The Chicago City Council voted 18 to 26 on Wednesday to reject an effort to overturn a law hitting drivers who drive past Chicago parks and schools monitored by speed cameras driving between 6 mph and 9 mph over the limit with $35 bills, a win for Mayor Lori Lightfoot.
The vote capped months of parliamentary shenanigans and came after a concerted effort by pedestrian and cyclist advocates to convince undecided members of the city council that the tickets were an effective way to reduce headline-grabbing and heartbreaking crashes. .
Drivers traveling 10mph over the limit still received a $35 ticket, while drivers exceeding at least 11mph over the limit near parks and schools monitored by speed cameras installed under the former mayor Rahm Emanuel will continue to face a $100 note, unchanged from the previous one. years.
The vote was a defeat for Ald. Anthony Beale (9th Ward), who has been one of Lightfoot’s most frequent critics. He blasted the increased fines as a cash grab by the mayor, and said the cameras were disproportionately targeting black and Latino Chicagoans.
Lightfoot said the city needs the $40 million to $45 million generated by park and school radars to fund vital programs, including the Chicago Police Department and after-school programs for children and teens. , while giving lead-footed drivers funding. incentive to slow down.
In 2021, traffic crashes killed 174 people in Chicago, a 15% increase from 2020, according to data from the Chicago Department of Transportation.
Lightfoot called the data “punchy” and said it was “surreal” that the city council would consider taking action that would increase those deaths.
But Beale said the increased fines were not designed to keep Chicagoans safe, but to fill the city’s coffers at the expense of its poorest residents, including black and Latino Chicagoans.
“My people cannot afford these fines and fees,” Beale said. “Don’t fall for the oke doke – it’s not a matter of safety.”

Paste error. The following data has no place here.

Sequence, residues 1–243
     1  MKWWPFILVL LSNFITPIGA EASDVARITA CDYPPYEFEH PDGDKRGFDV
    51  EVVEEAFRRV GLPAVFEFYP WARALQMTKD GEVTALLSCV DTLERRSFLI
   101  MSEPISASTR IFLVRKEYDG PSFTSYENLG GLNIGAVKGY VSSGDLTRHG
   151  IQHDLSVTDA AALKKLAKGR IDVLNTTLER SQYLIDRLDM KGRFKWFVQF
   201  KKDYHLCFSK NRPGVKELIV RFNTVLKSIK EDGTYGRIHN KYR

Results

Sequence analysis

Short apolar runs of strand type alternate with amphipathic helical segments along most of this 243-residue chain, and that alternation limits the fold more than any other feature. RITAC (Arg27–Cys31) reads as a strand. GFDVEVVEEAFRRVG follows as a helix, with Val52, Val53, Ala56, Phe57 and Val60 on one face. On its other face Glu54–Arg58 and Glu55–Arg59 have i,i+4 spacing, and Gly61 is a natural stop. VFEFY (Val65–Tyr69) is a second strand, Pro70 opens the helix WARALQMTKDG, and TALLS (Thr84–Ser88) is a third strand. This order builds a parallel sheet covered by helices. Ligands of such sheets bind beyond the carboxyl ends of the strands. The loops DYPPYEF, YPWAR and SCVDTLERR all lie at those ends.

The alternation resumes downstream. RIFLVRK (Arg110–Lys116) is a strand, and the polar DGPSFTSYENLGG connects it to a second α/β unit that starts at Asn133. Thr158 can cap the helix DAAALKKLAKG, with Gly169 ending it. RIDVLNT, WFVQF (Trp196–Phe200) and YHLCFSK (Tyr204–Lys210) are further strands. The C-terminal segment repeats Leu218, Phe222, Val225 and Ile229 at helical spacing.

Almost all of the progressive city council members voted to keep the fines as they have been since January 2021, backing the mayor with whom they have often disagreed on a high-profile issue.
However, the issue split the city council’s Democratic Socialist caucus with Alds. Rossana Rodriguez Sanchez (33rd arrondissement) and Carlos Ramirez Rosa (35th arrondissement) do not vote, in defiance of council rules. Aldus. Jeanette Taylor (20th arrondissement) was absent on Wednesday
Aldus. Daniel La Spata (1st Ward) read the names of those killed in traffic accidents in recent months before urging his colleagues to reject Beale’s proposal
“I cannot sit here in good conscience and vote to add more names to this list,” said Socialist Caucus member La Spata.
Aldus. Byron Sigcho Lopez (25th Arrondissement) voted to keep the fines unchanged, but said he was frustrated with the debate.
“Our city lacks the infrastructure for our cars, our pedestrians and our drivers to co-exist,” said Socialist Caucus member Sigcho Lopez. “In the absence of protected cycle paths, this is a way of ensuring the safety of people.”
The mayor’s decision to prevent a vote on Beale’s proposal last month appears to have paid off, with Ald. André Vasquez (fortieth district) and Ald. Roberto Maldonado (26th arrondissement) said they would have voted to cancel the fines last month.
Beale said last month he had the votes.
“It’s the classic Chicago way,” Beale said after the meeting.
City officials credit Chicago’s 162 speed cameras with reducing the number of serious crashes by 13% in 2021, compared to 2020, preventing 36 people from being seriously injured or killed. But that data doesn’t isolate changes in crash data attributable to Lightfoot’s decision to start issuing tickets to drivers traveling 6 mph over the limit near parks and schools with speed camera.
After taking office, Lightfoot pushed through a series of reforms that prohibit the city from suspending driver’s licenses for unpaid parking tickets while reducing penalties and providing debt relief to the city’s poor.
Lightfoot said Chicagoans who choose to speed should be penalized.
Contact Heather Cherone: @HeatherCherone | (773) 569-1863 | [email protected]